SkyBlazer: a Roadable aircraft
The highly streamlined four-seating vehicle automatically transforms from a car into an aircraft and back again. With the Skyblazer, the American company Haynes-Aero aims to combine the speed of a jet airplane with the door-to-door convenience of a car.
The self-contained Skyblazer is equipped with a folding arrangement to store the wings completely inside the vehicle body. According to Haynes-Aero, road performance will be adequate enough to operate within normal traffic. With a take-off run of just 405 metres (1,330 ft), the Skyblazer is able to take off from all small airports. After take-off the four wheels collapse into the body shell. The cabin is pressurized and offers similar accommodation as a road car.
DRIVE SYSTEM: Hybrid-electric with jet engine
CRUISING AIR SPEED: 500 km/h (310 mph)
FLYING RANGE: 1345 km (835 miles)
TAKE-OFF RUN: 405 m (1,330 ft)
SEATING CAPACITY: 4
Buses are changing into something radical, too
The Phileas BRT (Bus Rapid Transport) vehicle, developed by the Dutch company Advanced Public Transport Systems (APTS) can drive itself automatically on a dedicated track as well as being manually driven on normal roads. The Phileas system is already in use since 2004. A hybrid-electric drive makes the vehicle up to 30 per cent more fuel efficient than other buses of comparable size.
Photocredit: Advanced Public Transport Systems (APTS)
In semi-automatic mode the driver accelerates and brakes manually, while the vehicle steers itself. In automatic mode all three functions are performed by the vehicle with speeds up to 70 kilometres per hour (44 mph). An electronic guidance system is following the magnetic markers mounted every 4 to 5 metres in the road surface for reference. If deviations of more than half a metre (1.6 ft) occur, either in automatic or semi-automatic mode, the vehicle is automatically stopped.
Finally: A SUPERBUS!
The Delft University of Technology in the Netherlands is developing another bus, which is able to operate on designated tracks. Superbus is able to operate at very high speeds of up to 250 kilometres per hour (155 mph) and could therefore be an alternative to high-speed railway lines.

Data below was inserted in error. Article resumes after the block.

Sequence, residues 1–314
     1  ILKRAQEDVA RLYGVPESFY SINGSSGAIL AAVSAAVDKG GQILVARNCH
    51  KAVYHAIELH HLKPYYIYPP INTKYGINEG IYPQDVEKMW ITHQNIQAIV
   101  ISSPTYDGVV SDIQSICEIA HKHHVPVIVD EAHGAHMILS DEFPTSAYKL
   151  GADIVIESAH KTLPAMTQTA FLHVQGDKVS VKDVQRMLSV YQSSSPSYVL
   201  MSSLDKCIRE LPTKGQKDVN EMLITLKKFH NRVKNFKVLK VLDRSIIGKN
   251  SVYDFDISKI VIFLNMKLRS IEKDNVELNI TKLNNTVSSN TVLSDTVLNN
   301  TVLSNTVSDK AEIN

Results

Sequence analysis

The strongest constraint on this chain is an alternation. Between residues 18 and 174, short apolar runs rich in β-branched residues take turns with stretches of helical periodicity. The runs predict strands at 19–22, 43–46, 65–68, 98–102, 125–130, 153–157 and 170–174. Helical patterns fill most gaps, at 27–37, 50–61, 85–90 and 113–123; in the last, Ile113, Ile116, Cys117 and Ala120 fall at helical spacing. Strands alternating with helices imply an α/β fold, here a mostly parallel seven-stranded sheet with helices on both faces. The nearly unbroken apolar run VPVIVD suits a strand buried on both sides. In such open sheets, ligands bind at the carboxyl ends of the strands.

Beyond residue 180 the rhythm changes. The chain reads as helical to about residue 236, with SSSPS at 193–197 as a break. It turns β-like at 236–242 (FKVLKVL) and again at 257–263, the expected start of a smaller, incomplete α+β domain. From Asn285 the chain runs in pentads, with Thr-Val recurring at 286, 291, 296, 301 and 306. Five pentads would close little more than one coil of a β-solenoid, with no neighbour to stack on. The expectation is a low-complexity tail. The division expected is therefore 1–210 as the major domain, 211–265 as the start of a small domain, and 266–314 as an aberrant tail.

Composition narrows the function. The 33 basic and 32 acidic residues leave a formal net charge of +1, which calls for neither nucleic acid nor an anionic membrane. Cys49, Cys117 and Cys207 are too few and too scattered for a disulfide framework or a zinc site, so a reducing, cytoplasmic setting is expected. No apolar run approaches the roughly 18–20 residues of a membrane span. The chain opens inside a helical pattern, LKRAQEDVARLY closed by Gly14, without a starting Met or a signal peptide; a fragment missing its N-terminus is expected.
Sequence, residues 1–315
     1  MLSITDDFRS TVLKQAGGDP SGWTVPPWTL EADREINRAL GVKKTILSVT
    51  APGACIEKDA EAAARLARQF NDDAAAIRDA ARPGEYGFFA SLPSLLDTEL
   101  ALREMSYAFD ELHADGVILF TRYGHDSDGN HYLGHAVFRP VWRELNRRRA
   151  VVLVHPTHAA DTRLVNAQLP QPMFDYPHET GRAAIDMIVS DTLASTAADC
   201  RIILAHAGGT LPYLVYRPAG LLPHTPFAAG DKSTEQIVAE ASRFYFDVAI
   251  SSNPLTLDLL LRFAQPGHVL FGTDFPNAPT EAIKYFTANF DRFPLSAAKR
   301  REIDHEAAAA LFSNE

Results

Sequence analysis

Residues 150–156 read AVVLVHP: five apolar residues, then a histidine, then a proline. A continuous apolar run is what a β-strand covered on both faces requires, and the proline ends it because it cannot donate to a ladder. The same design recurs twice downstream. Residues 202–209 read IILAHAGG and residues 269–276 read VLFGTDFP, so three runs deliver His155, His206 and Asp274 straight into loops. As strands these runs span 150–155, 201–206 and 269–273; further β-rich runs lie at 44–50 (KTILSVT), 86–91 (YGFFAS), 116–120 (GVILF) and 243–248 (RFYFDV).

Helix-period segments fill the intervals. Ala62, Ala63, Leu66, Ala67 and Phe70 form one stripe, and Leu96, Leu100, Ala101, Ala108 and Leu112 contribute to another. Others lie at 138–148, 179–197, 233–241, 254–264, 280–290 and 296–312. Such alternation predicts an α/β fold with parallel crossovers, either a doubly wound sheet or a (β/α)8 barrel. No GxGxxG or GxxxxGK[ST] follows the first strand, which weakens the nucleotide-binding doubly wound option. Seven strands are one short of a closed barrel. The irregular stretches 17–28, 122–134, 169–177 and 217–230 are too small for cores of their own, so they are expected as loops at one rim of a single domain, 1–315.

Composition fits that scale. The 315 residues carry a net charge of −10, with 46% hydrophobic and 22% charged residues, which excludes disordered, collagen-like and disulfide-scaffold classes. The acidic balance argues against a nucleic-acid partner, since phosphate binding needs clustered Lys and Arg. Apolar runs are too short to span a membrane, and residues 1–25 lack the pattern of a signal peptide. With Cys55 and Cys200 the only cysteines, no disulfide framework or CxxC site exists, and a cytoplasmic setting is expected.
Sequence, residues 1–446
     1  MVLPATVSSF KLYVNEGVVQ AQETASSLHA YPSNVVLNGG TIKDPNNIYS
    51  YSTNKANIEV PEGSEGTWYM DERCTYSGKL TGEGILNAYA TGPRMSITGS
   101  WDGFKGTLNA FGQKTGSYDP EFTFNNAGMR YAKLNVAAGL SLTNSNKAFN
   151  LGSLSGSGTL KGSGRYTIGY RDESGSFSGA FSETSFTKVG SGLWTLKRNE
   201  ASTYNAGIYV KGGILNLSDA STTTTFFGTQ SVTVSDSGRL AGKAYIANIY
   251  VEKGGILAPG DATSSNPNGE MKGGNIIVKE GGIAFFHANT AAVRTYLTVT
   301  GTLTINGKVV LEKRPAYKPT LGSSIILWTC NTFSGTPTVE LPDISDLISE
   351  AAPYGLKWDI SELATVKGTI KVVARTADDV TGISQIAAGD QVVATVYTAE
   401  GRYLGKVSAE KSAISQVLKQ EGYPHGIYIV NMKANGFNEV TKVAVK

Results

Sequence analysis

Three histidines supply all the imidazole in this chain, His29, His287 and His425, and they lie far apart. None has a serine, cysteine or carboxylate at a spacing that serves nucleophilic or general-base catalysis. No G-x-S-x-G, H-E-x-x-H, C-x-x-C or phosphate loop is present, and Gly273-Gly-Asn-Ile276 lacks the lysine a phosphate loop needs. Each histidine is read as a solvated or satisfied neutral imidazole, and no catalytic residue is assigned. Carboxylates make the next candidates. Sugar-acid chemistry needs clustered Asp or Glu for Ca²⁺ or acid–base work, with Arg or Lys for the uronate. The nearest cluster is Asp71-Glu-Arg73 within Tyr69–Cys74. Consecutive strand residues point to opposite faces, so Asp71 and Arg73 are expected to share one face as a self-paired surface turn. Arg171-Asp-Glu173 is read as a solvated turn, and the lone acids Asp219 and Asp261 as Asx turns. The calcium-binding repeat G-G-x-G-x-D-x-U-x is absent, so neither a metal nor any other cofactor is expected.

This highly streamlined electric bus can also be driven at lower speeds on existing roads and bus lanes. With a length of 15 metres (49.2 ft) and a width of 2.5 metres (8.2 ft), the Superbus has similar dimensions to a conventional bus. Due to the seating arrangement without a centre aisle however, the height is just 1.7 metres (5.6 ft). The low aerodynamic drag (less than 0.2) makes the Superbus more efficient than a passenger car.
Exciting Innovations in Transportation
Welcome are new contributing writer (future transportation technologies) Paul Schilperoord, whose book "Future Tech – Innovations in Transportation" was published in 2006 by Octopus Design / Black Dog Publishing and received many enthusiastic reviews. He’s working on the next book already, about some mysterious aspects of German car-making. We are honored to have Paul in our team of writers, with projected monthly features on various cool "future tech".
"Future Tech" aims to present you with a realistic view of the future, based on concepts and prototypes for future vehicles, which are currently in serious development.
We are going to highlight a few examples from each section of the book. You will also see some material not found in the book, provided exclusively for DRB. Our sincere hope is that we are going to see at least some of these concepts mass-produced one day.
The Portugese designer André Costa took another novel approach to ease of city parking and manoeuvring. His design Moovie, made for the 2005 Concours de Design Peugeot, features two huge hub-less side-wheels which are used for both driving and steering.
Each wheel is independently driven by an electric motor, allowing the Moovie to rotate on its own axis and squeeze into the tightest parking spots. To increase stability, the two side-wheels are tilted inwards under a ten degree angle. The front-end conceals two small additional wheels which only operate as safety supports. In the future it could be possible to make such a vehicle self-balancing using gyroscopes and balance sensors. This is already employed on the Segway scooter and is suggested for the EMBRIO one-wheeled motorcycle concept.
The Moovie concept car built by Peugeot has a length of just 2,3 metres (7.6 ft) and width and height of 1,5 metres (4.9 ft). Access is created by two large sliding doors placed in the centre of the hub-less side-wheels.